Live Reviews

Blue Rose Code – Tolbooth, Stirling: Live Review 

Blue Rose Code play two magnificent sets at the Tolbooth, Stirling, undertaking a musical journey from the early songs of North Ten to an incredible seven new unreleased songs.  

Riding on a wave of successful festival appearances and well-received concerts and a recent appearance on Radio Four’s Loose Ends, Blue Rose Code arrive at Stirling’s Tolbooth venue to play two sets. Blue Rose Code is the musical vehicle for Ross Wilson, one of the UK’s finest songwriters and live performers, who over the last ten years has recorded a series of exceptional albums, that combine evocative lyrics from the heart, and an ever-evolving musical palette, that has taken in influences from folk, jazz, country, and soul.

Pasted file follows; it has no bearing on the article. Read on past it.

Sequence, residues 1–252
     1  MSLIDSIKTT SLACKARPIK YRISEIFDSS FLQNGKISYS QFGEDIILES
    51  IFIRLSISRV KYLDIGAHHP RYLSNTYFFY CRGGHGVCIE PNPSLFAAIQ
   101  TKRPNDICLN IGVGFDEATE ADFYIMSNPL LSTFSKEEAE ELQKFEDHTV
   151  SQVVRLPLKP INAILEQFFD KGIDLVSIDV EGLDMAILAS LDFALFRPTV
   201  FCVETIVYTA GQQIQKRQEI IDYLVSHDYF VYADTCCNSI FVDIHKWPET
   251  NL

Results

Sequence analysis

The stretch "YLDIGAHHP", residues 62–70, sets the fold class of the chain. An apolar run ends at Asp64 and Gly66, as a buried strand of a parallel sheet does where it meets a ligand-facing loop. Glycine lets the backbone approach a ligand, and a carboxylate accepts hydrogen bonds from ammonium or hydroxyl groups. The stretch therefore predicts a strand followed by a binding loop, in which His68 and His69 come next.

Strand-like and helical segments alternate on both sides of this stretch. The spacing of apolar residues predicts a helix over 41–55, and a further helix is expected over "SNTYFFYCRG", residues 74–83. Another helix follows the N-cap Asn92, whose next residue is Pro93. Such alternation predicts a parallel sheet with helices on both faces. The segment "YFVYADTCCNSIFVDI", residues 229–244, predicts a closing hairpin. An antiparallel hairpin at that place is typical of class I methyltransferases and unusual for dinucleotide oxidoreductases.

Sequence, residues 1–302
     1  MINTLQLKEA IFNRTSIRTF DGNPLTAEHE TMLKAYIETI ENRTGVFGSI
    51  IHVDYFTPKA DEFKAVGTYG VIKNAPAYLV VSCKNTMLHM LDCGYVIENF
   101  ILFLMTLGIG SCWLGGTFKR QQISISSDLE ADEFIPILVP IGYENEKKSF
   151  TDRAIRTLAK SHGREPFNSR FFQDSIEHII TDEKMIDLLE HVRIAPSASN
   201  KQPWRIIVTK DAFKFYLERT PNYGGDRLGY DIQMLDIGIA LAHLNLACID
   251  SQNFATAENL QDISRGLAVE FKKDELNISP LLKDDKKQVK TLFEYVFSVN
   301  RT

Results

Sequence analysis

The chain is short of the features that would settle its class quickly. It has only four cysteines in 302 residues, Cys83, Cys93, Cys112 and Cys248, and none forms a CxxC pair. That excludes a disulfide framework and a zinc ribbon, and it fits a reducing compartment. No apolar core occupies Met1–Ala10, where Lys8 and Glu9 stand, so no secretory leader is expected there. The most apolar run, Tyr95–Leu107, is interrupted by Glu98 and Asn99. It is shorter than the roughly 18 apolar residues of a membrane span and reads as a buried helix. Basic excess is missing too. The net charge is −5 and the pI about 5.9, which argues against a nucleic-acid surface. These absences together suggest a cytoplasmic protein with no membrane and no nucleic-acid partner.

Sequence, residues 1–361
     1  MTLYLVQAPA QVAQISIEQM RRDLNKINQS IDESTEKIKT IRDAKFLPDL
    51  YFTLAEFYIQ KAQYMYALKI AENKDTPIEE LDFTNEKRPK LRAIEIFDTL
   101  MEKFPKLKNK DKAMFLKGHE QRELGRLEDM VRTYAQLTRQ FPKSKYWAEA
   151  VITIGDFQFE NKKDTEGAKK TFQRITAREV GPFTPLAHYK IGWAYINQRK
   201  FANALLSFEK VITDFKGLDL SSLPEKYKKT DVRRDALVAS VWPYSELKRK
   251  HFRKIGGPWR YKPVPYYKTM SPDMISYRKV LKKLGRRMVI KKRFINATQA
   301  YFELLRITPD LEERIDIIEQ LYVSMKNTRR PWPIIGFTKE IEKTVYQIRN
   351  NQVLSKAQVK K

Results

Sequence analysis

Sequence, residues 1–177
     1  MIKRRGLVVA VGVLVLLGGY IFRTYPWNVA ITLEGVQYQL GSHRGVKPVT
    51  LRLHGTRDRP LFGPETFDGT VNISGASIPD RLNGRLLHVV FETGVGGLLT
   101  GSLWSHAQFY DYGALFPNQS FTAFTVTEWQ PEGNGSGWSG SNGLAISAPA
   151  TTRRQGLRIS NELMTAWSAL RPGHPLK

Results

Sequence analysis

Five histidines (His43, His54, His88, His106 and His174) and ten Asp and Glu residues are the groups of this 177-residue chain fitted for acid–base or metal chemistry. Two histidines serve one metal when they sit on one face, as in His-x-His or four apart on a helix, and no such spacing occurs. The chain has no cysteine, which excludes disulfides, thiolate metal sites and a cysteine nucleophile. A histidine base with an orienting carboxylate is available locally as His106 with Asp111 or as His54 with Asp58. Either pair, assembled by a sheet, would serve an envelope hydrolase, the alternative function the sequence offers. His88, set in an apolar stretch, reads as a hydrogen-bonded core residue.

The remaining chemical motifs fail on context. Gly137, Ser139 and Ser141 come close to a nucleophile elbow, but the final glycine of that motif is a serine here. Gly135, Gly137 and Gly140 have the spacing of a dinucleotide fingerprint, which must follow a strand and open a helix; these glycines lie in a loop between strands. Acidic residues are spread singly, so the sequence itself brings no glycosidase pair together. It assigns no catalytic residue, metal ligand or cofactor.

The first set tonight is a complete run through of the debut Blue Rose Code album North Ten from 2013. The title of the album, as Ross shared, when we spoke after the show, had an interesting origin, “A lot of the writing came from a flat that I was living in, in Muswell Hill in London, and the post code is North Ten. But also, it’s that thing that mattered, geography too. So, I had come from the north, and it was ten songs”.

First Set – North Ten

Ross commences the set, by saying wryly to the audience, that for this set, they will be “Pretending be a folk group.” North Ten is perhaps the most folk based of the Blue Rose Code albums, and while honoring that history, the new musical arrangements for these songs are quite a revelation. They add new musical layers and fresh insight to these great songs, and also convey a sense of a linked body of work.